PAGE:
The number of parents applying for a place at a primary school due to be turned into an academy has dropped by a third since last year.
An academy order was placed on Moulsecoomb Primary School last June after an Ofsted inspection rated it as inadequate.
Last year, 31 parents put the school down as a first preference and were given a place. No parents putting the school down as second or third preference were given a place.
This year, just 22 put the school down as first preference, a drop of 30 per cent. Again, no second or third preference applications were placed there, which means the two-form entry school has filled just a third of its 60 places.
The number of applications at the school had been dropping gradually in the past few years, as more students have moved into the area and families have been priced out.
In September 2019, the number of places offered at the school dropped from 90 to 60 – which coincided with a boost in the numbers applying.
The same gradual drop has been true for other schools in the area – but this year, applications to Bevendean Primary and Coldean Primary rose slightly.
National Education Union regional officer Craig Arden, who has been helping run the Hands off Moulsecoomb Primary School campaign with parents, said: “It is a real shame to see that this disastrous academisation process and the toxic accountability system in schools is clearly putting parents off choosing Moulsecoomb Primary School for their children.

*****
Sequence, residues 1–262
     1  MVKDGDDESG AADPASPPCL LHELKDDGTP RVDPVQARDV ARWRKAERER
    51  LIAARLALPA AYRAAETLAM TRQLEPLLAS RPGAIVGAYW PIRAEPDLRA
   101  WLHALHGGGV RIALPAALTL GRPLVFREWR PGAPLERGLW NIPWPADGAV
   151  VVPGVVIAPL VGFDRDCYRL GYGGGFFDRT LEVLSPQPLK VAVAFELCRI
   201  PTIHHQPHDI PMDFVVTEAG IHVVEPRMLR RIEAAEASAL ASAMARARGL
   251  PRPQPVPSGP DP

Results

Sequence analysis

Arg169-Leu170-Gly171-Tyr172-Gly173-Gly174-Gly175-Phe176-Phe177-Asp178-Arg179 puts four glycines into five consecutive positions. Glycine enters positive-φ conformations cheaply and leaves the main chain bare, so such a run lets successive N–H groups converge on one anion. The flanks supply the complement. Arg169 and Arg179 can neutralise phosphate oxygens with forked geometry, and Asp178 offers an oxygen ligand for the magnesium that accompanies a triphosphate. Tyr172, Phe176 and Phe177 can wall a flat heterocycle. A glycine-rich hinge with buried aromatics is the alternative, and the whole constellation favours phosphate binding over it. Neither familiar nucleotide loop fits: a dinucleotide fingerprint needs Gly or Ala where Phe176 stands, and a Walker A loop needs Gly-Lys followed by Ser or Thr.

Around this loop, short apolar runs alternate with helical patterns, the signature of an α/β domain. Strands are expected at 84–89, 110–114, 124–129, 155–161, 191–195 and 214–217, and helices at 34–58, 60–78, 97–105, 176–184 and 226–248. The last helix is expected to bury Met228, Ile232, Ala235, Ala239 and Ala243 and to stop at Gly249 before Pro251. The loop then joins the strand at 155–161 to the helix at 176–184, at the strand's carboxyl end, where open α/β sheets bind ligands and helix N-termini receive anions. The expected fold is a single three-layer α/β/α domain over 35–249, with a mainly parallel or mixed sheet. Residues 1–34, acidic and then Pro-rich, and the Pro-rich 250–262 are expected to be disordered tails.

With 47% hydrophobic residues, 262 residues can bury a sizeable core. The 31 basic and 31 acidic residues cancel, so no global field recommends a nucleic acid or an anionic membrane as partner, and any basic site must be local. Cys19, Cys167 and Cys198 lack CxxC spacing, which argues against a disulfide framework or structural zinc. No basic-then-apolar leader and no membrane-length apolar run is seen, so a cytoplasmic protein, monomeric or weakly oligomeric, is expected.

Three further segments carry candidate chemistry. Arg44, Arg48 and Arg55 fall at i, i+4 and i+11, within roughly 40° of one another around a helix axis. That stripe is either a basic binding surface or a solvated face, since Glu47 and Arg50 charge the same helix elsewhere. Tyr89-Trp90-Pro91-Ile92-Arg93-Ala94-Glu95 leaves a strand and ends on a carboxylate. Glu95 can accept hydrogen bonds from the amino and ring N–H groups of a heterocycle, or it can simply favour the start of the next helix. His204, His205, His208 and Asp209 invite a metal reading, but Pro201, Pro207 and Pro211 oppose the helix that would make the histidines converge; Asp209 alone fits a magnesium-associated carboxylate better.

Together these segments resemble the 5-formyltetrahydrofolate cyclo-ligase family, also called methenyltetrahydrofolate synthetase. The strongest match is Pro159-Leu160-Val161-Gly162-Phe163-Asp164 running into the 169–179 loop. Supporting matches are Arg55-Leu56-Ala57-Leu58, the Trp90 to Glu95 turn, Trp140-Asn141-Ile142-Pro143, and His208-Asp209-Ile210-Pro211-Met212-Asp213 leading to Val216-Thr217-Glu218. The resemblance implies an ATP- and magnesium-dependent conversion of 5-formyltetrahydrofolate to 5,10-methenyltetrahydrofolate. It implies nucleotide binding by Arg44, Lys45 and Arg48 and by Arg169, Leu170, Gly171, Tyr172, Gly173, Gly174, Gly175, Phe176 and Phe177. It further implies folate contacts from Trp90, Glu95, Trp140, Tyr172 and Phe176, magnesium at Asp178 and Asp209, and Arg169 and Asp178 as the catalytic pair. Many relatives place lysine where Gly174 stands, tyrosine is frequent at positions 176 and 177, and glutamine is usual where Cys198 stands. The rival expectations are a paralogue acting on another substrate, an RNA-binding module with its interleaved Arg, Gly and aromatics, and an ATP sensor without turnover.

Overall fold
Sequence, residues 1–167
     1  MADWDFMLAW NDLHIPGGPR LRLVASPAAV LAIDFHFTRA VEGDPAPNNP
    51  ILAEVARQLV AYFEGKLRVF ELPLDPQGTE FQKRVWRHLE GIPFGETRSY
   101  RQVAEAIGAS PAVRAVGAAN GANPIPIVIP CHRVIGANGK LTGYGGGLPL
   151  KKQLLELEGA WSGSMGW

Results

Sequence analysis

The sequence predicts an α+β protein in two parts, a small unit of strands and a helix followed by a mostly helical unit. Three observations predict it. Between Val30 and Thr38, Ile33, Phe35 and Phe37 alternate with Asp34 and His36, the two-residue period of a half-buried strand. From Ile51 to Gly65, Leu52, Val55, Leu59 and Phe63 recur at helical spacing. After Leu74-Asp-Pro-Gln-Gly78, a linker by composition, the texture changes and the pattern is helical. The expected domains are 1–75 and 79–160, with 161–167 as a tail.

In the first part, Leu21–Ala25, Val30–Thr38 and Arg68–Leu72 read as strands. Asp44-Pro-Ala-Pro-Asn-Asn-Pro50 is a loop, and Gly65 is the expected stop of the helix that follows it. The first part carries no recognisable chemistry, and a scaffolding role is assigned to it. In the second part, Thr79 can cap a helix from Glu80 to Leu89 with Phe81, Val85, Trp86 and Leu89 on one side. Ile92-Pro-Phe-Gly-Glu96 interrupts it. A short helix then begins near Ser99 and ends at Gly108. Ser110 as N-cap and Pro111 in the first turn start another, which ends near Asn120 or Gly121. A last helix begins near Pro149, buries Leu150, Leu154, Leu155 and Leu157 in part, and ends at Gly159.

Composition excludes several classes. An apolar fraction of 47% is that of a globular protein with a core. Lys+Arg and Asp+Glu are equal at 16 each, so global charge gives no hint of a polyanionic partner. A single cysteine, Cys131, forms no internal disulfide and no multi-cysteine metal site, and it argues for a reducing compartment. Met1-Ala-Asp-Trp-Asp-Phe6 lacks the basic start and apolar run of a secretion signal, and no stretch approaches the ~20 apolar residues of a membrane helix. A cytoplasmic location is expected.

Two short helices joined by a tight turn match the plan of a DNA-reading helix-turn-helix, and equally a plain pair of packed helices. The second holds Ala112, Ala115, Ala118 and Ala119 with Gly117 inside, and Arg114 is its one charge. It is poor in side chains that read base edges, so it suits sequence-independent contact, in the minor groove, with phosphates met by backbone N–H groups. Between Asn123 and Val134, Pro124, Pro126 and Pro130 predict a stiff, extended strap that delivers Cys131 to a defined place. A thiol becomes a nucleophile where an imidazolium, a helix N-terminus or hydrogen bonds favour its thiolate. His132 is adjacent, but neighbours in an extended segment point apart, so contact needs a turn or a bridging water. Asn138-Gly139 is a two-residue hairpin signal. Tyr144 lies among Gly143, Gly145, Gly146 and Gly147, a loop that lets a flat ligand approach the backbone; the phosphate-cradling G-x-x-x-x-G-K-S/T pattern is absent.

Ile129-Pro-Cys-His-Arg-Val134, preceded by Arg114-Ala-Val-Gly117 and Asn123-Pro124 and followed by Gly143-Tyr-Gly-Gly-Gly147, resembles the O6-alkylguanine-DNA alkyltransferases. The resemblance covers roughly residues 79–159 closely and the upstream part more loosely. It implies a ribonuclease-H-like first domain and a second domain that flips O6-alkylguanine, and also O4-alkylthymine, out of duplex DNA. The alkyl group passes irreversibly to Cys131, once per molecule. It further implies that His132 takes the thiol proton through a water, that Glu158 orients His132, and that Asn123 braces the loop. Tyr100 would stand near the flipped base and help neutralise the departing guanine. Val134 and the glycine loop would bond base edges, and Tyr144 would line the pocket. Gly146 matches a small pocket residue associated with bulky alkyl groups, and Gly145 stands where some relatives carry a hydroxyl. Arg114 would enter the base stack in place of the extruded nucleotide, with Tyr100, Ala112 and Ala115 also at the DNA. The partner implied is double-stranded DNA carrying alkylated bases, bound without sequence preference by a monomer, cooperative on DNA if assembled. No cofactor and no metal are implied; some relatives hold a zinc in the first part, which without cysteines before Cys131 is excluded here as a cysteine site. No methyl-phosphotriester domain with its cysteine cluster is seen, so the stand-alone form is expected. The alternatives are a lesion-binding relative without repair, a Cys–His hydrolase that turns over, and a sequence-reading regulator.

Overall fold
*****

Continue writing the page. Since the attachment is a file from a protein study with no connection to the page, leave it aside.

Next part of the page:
“Labelling a school inadequate and forcing it to go through an unnecessary and unwanted academisation process is incredibly irresponsible and damaging.
“Moulsecoomb Primary School is not inadequate. In fact, it is improving rapidly in all areas, which has been only been made more difficult by the head teacher being forced to waste his energies on academisation.
“Parents in Brighton and Hove do not want unaccountable academy schools in our city. The parents at Moulsecoomb Primary School voted overwhelmingly against the school becoming an academy in the council run parental ballot, now prospective parents are voting with their feet.
“When will the government listen to parents and the community, stop this ridiculous saga and allow the school to completely focus on what it’s supposed to; delivering good quality, inclusive education for the pupils of Moulsecoomb Primary School.”
Since the academy order was passed last summer, two potential sponsors have turned down the chance to take on the school.
Brighton University was the first preferred sponsor of the Department for Education but declined the chance to take on the school after a meeting of its trustees.
New Horizons, which runs a school in Lancing, pulled out after an aggressive campaign against it by Hands off Moulsecoomb Primary School.
In March, an interim reinspection by Ofsted praised the school for making improvements despite the distractions of academisation.
However, the academy order still stands.
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